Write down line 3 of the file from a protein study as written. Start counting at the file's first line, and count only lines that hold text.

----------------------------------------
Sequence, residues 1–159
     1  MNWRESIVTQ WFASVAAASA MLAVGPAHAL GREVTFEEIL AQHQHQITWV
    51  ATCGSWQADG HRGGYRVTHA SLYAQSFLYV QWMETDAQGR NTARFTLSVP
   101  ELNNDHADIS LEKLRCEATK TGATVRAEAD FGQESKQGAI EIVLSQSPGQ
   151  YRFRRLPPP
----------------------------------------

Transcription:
    51  ATCGSWQADG HRGGYRVTHA SLYAQSFLYV QWMETDAQGR NTARFTLSVP